Difference between rb_define_module_function and rb_define_singleton_method?

Discussion in 'Ruby' started by John Lam, Dec 7, 2005.

  1. John Lam

    John Lam Guest

    ------=_Part_2155_29077248.1133976099313
    Content-Type: text/plain; charset=ISO-8859-1
    Content-Transfer-Encoding: quoted-printable
    Content-Disposition: inline

    Is there a difference between calling rb_define_module_function and
    rb_define_singleton_method on a module?

    Thanks
    -John
    http://www.iunknown.com

    ------=_Part_2155_29077248.1133976099313--
     
    John Lam, Dec 7, 2005
    #1
    1. Advertising

  2. John Lam

    ts Guest

    >>>>> "J" == John Lam <> writes:

    J> Is there a difference between calling rb_define_module_function and
    J> rb_define_singleton_method on a module?

    rb_define_module_function() make the 2 calls

    rb_define_private_method()
    rb_define_singleton_method()


    Guy Decoux
     
    ts, Dec 7, 2005
    #2
    1. Advertising

  3. John Lam

    John Lam Guest

    ------=_Part_2795_24507389.1133977749572
    Content-Type: text/plain; charset=ISO-8859-1
    Content-Transfer-Encoding: quoted-printable
    Content-Disposition: inline

    Thanks!


    rb_define_module_function() make the 2 calls
    >
    > rb_define_private_method()
    > rb_define_singleton_method()
    >
    >
    > Guy Decoux
    >
    >


    ------=_Part_2795_24507389.1133977749572--
     
    John Lam, Dec 7, 2005
    #3
  4. On 12/7/05, ts <> wrote:
    >
    > rb_define_module_function() make the 2 calls
    >
    > rb_define_private_method()
    > rb_define_singleton_method()


    And this allows the given method to be called with both the module as
    a receiver, as well as directly when the module is included in a
    class. For example, the methods in module Math are defined this way:

    irb(main):001:0> class MyMath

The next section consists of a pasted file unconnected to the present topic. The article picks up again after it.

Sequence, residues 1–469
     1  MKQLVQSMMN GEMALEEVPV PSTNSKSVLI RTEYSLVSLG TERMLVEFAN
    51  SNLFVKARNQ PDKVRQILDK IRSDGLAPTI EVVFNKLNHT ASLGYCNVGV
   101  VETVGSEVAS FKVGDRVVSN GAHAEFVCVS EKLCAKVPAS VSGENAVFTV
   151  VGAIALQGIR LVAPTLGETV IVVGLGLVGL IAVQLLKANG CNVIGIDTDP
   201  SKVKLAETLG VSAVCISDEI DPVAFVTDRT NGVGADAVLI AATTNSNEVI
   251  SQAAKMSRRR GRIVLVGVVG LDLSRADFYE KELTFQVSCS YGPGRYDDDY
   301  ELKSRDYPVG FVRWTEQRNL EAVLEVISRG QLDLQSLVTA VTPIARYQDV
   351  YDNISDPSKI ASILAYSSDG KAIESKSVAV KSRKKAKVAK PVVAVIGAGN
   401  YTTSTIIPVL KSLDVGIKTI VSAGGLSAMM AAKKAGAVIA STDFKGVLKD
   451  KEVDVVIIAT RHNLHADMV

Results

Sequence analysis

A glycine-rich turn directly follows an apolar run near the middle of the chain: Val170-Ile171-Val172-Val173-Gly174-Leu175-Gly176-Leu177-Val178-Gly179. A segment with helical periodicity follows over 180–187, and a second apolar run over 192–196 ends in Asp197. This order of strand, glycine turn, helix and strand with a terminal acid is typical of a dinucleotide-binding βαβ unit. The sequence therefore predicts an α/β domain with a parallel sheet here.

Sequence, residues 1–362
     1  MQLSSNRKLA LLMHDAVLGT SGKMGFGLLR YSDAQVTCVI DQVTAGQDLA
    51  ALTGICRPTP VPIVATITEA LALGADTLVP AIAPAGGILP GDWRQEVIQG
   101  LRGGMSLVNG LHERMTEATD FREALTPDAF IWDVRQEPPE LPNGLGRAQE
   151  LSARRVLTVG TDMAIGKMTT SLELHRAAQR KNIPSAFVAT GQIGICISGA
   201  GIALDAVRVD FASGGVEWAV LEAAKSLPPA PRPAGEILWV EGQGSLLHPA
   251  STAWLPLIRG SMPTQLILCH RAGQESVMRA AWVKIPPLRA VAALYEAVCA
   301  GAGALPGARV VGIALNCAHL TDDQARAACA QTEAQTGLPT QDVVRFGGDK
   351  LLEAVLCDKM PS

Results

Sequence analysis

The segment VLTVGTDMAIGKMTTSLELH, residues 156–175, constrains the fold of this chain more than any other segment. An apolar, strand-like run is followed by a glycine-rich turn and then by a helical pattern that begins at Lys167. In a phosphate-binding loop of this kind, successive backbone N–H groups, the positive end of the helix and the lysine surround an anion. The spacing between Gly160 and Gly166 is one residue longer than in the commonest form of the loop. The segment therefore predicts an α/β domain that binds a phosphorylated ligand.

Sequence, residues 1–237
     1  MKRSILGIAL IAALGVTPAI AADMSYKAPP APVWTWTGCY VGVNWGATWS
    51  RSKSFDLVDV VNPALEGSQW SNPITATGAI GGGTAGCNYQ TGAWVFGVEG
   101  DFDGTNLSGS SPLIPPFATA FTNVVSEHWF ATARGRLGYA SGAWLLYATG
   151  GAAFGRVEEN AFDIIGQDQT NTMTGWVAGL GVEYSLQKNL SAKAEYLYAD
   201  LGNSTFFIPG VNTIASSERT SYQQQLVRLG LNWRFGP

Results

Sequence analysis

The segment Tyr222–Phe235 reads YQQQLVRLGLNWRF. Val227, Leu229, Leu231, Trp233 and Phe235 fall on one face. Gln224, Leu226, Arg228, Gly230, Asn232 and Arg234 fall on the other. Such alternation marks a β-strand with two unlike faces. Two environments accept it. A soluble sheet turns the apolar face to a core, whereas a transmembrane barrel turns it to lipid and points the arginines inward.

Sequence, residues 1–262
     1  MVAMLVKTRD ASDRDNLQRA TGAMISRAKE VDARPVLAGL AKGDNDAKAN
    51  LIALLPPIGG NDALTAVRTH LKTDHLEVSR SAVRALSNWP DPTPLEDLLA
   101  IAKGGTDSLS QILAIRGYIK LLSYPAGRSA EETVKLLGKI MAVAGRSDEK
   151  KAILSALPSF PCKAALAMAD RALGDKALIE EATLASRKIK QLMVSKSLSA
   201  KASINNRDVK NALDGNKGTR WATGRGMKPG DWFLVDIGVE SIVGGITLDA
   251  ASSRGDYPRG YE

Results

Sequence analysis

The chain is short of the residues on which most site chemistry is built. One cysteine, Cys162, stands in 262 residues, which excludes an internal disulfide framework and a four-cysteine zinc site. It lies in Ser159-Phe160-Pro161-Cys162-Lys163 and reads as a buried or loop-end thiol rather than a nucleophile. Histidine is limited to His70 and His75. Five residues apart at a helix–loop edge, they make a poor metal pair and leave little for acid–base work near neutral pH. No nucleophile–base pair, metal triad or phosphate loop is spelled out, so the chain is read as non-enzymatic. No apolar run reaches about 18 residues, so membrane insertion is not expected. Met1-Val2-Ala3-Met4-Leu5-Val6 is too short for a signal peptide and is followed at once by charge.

irb(main):002:1> include Math
    irb(main):003:1> def some_complicated_math
    irb(main):004:2> sqrt(4)
    irb(main):005:2> end
    irb(main):006:1> end
    =3D> nil
    irb(main):007:0> MyMath.new.some_complicated_math
    =3D> 2.0

    If they aren't defined this way, you can't call them from an instance:

    irb(main):008:0> module Test
    irb(main):009:1> def self.mod_meth
    irb(main):010:2> p 'mod_meth'
    irb(main):011:2> end
    irb(main):012:1> end
    =3D> nil
    irb(main):013:0> class MyTest
    irb(main):014:1> include Test
    irb(main):015:1> def meth
    irb(main):016:2> mod_meth
    irb(main):017:2> end
    irb(main):018:1> end
    =3D> nil
    irb(main):019:0> MyTest.new.meth
    NameError: undefined local variable or method `mod_meth' for #<MyTest:0x2b3=
    88d8>
    from (irb):16:in `meth'
    from (irb):19

    In Ruby you can get the equivalent behavior by defining instance
    methods in the module, then extend self at the end:

    irb(main):020:0> module Test2
    irb(main):021:1> def mod_meth2
    irb(main):022:2> p 'mod_meth2'
    irb(main):023:2> end
    irb(main):024:1> extend self
    irb(main):025:1> end
    =3D> Test2
    irb(main):026:0> Test2.mod_meth2
    "mod_meth2"
    =3D> nil
    irb(main):027:0> class MyTest2
    irb(main):028:1> include Test2
    irb(main):029:1> def meth2
    irb(main):030:2> mod_meth2
    irb(main):031:2> end
    irb(main):032:1> end
    =3D> nil
    irb(main):033:0> MyTest2.new.meth2
    "mod_meth2"

    Regards,
    Ryan
     
    Ryan Leavengood, Dec 7, 2005
    #4
    1. Advertising

Want to reply to this thread or ask your own question?

It takes just 2 minutes to sign up (and it's free!). Just click the sign up button to choose a username and then you can ask your own questions on the forum.
Similar Threads
  1. jakk
    Replies:
    4
    Views:
    12,511
  2. Santa
    Replies:
    1
    Views:
    1,140
    Mark A. Odell
    Jul 17, 2003
  3. Replies:
    2
    Views:
    317
  4. Suraj Kurapati
    Replies:
    0
    Views:
    130
    Suraj Kurapati
    Feb 17, 2006
  5. Suraj Kurapati
    Replies:
    3
    Views:
    120
    Suraj Kurapati
    Feb 19, 2006
Loading...

Share This Page